Population increases among baby boomers and the elderly have created numerous business opportunities for enterprising individuals. One of those businesses is that of a non-emergency medical transport company. Non-emergency medical transport companies drive disabled or elderly patients to doctors' offices or pharmacies. If you want to start a non-emergency medical transport company, you need a van or SUV that permits easy access to and from your vehicle and a lifting ramp for wheelchairs. You can expect to earn an income averaging between $40,000 and $50,000 annually.
The average annual income for a non-emergency medical transport company owner was $46,000 as of 2013, according to the job site Indeed. While a high school degree is sufficient, a bachelor's in business can provide you with some marketing and finance background to better run your company. Laws vary by state but you will likely need to complete training both for first aid and cardiopulmonary resuscitation, or CPR, available through the American Red Cross or American Heart Association. A course in defensive driving through the National Safety Council is also a typical requirement for this business. Non-emergency medical transport company owners may need to register as medical transport providers through their states, as in Oregon, for example, according to the SBA. You will also probably need a chauffeur's license and be required to register your business name if you're operating as a company. They Other essential requirements are a driver's license, liability insurance, patience and customer service skills.
In 2013, average incomes for non-emergency medical transport company owners varied the most within the West region, according to Indeed, where they earned the least in Hawaii and most in California -- $30,000 and $50,000, respectively. Those in the Northeast made $40,000 to $56,000 per year in Maine and New York, respectively. If you owned a non-emergency medical transport company in Louisiana or Washington, D.C., you'd average $40,000 or $55,000, respectively, which is the lowest and highest earnings in the South region. In the Midwest, you'd make the most in Illinois and least in Nebraska and South Dakota at $51,000 and 34,000, respectively.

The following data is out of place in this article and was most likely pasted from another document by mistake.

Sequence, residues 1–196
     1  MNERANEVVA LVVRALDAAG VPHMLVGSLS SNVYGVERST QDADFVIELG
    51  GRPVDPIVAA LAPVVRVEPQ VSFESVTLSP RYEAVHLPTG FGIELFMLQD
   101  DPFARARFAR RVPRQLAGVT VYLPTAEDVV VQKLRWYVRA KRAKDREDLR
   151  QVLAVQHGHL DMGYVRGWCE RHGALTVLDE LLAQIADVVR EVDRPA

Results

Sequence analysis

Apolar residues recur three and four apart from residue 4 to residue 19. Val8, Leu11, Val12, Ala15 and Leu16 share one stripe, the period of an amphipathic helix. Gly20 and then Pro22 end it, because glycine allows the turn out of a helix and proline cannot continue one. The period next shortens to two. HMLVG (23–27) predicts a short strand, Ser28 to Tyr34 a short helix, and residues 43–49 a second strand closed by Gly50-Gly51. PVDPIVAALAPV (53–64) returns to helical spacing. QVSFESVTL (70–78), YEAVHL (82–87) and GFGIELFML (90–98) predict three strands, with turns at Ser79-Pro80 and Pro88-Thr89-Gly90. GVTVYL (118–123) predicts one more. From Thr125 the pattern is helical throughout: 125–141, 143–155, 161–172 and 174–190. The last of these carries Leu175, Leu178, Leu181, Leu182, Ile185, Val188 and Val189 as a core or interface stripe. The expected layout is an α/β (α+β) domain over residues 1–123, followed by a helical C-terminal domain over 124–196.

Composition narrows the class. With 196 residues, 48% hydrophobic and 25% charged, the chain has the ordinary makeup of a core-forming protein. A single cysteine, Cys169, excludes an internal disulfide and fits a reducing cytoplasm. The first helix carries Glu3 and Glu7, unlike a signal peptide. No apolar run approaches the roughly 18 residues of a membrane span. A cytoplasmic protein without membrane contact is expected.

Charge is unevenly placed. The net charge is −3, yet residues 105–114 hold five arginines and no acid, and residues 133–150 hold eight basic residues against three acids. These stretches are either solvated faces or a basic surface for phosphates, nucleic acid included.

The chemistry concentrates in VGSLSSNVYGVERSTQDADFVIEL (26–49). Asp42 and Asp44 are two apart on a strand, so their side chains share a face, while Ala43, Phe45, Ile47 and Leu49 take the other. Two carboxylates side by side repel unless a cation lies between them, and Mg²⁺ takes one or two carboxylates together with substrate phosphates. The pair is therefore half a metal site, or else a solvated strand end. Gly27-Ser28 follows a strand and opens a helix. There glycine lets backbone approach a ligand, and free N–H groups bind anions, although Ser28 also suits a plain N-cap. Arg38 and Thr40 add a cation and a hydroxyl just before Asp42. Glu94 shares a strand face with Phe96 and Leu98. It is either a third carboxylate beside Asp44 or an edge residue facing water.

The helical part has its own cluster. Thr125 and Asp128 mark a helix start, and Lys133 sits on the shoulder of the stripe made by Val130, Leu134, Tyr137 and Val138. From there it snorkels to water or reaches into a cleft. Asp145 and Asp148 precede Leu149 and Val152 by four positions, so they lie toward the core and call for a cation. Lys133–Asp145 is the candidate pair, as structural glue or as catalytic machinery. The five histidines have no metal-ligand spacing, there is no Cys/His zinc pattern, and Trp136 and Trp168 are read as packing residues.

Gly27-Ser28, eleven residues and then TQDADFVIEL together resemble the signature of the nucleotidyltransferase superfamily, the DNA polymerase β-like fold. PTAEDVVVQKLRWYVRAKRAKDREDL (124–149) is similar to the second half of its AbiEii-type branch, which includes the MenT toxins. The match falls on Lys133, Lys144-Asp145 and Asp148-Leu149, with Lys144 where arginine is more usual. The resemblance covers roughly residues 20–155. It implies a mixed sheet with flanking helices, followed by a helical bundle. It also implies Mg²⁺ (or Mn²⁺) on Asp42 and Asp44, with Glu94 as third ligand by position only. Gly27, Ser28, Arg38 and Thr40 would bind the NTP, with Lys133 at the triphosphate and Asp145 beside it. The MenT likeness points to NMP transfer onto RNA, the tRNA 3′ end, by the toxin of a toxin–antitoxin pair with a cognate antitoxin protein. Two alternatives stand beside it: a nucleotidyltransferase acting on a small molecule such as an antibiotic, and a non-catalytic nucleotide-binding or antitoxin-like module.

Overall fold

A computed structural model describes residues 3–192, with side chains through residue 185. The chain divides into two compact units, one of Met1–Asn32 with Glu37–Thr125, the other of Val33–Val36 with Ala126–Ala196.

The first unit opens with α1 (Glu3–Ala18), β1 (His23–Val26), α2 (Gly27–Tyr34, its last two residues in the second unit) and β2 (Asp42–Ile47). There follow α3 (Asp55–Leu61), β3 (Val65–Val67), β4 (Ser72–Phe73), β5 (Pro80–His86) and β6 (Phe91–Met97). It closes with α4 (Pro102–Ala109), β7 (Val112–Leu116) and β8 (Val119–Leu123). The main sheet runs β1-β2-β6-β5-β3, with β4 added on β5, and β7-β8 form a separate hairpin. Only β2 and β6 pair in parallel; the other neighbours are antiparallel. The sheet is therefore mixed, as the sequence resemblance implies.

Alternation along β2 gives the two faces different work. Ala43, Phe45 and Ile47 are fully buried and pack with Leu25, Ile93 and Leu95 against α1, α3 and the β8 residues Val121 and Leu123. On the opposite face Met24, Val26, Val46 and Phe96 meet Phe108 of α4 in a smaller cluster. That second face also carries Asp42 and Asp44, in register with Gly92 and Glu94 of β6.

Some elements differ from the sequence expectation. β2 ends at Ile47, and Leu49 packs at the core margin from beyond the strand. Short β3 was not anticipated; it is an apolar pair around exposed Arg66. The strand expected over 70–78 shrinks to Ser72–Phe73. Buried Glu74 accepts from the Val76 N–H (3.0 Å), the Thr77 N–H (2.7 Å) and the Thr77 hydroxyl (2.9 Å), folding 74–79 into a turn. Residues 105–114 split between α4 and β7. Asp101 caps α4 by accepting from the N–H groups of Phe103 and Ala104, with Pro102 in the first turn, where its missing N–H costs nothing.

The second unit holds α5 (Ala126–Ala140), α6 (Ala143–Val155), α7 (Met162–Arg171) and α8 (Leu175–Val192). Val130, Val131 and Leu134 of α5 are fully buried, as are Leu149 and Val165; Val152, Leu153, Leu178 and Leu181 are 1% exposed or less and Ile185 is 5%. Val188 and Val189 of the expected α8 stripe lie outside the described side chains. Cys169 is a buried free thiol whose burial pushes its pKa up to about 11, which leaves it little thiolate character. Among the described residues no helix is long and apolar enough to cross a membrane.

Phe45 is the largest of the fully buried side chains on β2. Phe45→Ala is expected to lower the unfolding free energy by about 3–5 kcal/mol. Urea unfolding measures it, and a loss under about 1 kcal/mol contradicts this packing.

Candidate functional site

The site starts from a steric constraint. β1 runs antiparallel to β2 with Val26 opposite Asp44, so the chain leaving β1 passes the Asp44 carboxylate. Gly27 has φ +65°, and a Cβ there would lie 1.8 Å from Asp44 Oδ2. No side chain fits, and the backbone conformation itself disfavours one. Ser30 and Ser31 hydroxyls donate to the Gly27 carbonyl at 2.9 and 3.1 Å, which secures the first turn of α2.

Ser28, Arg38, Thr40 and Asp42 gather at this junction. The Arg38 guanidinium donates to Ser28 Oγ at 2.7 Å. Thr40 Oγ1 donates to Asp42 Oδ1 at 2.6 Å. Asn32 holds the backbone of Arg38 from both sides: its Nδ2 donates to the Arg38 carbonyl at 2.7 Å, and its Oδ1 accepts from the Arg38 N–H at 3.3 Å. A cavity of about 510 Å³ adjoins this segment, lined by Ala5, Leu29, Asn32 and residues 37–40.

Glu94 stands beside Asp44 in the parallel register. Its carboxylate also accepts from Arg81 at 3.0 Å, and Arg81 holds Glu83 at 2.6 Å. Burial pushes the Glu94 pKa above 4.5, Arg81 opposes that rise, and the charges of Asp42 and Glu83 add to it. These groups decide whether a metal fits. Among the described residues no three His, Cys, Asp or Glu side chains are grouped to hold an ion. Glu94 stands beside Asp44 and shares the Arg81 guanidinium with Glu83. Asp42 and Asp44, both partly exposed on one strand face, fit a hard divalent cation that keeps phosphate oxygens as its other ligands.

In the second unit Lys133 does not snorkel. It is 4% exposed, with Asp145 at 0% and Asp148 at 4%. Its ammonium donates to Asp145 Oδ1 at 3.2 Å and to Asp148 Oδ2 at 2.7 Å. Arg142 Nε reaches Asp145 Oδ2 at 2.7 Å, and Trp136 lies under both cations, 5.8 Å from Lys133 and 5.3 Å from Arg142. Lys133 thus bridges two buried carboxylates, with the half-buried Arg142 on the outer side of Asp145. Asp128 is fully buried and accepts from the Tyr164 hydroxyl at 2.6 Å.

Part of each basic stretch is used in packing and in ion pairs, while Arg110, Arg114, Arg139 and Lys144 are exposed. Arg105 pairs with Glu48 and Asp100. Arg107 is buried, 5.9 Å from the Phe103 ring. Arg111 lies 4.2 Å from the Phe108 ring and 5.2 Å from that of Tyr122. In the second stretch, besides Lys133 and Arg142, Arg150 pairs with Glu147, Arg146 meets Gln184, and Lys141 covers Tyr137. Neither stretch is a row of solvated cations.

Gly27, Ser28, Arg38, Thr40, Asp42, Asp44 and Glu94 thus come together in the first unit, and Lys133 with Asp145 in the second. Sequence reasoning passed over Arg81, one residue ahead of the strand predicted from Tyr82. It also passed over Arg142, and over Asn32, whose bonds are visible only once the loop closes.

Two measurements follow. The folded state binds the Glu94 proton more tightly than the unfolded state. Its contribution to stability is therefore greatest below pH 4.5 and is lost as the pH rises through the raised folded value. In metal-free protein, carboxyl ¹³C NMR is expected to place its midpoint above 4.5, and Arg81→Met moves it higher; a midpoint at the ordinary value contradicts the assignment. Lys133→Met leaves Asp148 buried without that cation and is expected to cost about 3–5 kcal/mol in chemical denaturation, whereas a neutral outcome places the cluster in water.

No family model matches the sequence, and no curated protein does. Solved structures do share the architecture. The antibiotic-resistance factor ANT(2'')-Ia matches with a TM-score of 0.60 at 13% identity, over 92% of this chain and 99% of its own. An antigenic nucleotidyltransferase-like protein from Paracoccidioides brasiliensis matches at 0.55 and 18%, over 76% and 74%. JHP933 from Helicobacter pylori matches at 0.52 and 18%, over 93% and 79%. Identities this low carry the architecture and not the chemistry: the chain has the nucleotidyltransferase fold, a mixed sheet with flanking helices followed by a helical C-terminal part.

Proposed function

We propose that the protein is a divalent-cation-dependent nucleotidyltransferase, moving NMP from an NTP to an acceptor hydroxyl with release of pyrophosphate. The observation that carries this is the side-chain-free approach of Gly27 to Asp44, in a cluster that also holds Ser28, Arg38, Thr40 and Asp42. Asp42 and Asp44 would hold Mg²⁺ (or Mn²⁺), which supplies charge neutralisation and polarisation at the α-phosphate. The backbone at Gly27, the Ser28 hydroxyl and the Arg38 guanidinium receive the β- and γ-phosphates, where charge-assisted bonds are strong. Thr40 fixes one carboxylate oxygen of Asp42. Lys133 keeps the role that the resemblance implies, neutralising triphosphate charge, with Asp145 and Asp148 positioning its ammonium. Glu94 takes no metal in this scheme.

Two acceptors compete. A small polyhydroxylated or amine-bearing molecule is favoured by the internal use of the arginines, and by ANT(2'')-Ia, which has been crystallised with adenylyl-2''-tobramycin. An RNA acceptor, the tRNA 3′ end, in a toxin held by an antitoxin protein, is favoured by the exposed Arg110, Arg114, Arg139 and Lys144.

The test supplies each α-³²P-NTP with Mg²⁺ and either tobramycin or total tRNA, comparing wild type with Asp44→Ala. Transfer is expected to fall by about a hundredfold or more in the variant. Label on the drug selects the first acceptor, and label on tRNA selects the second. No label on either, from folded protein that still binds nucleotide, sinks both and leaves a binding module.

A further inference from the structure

Non-emergency medical transport company owners usually earn more the longer they're in business, as they become better known in their communities and acquire more clients. You can proactively increase your earnings by promoting your business more to retirement communities, hospitals and doctors' offices. You'll earn more if you live in New York, California or Washington, D.C., because living expenses are higher in these states and districts. This means you can likely charge more for your services -- what the market will bear -- in New York City or Washington, D.C., where costs for services are typically higher. The higher prices may help boost your income.
The U.S. Bureau of Labor Statistics doesn't forecast jobs for non-emergency medical transport companies. It predicts a 32 percent increase in jobs for ambulance drivers and attendants from 2010 to 2020, which is much faster than average. Although ambulance drivers tend to those who have emergencies, population increases among the elderly likely impact the number of available jobs for both emergency and non-emergency transport drivers.
- State of Ohio: Non-Emergency Medical Transportation Service
- U.S. Small Business Administration: Resources for Starting a Non-Emergency Medical Transportation Business
- Indeed: Non Emergency Medical Transportation Company Salary
- CNN Money: Cost of Living: How Far Will My Salary Go In Another City?
- U.S. Bureau of Labor Statistics: Data for Occupations Not Covered in Detail: Ambulance Drivers and Attendants, Except Emergency Medical Technicians
- Indeed: Non Emergency Medical Transportation Company Salary in Maine, and New York
- Indeed: Non Emergency Medical Transportation Company Salary in Hawaii, and California
- Indeed: Non Emergency Medical Transportation Company Salary in Louisiana, and Washington, DC
- Indeed: Non Emergency Medical Transportation Company Salary in South Dakota, Nebraska, and Illinois
- Allstate: Liability Coverage
- U.S. Bureau of Labor Statistics: Occupational Outlook Handbook: How to Become a Taxi Driver or Chauffeur
- National Safety Council: The Need for Defensive Driving
- Medical Staffing Manuals: Complete Medical Staffing Agency Start-Up Guide And Operations Manual
- State of Michigan Secretary of State: Chauffeur License
- U.S. Small Business Administration: Register Your Business Name
- Creatas/Creatas/Getty Images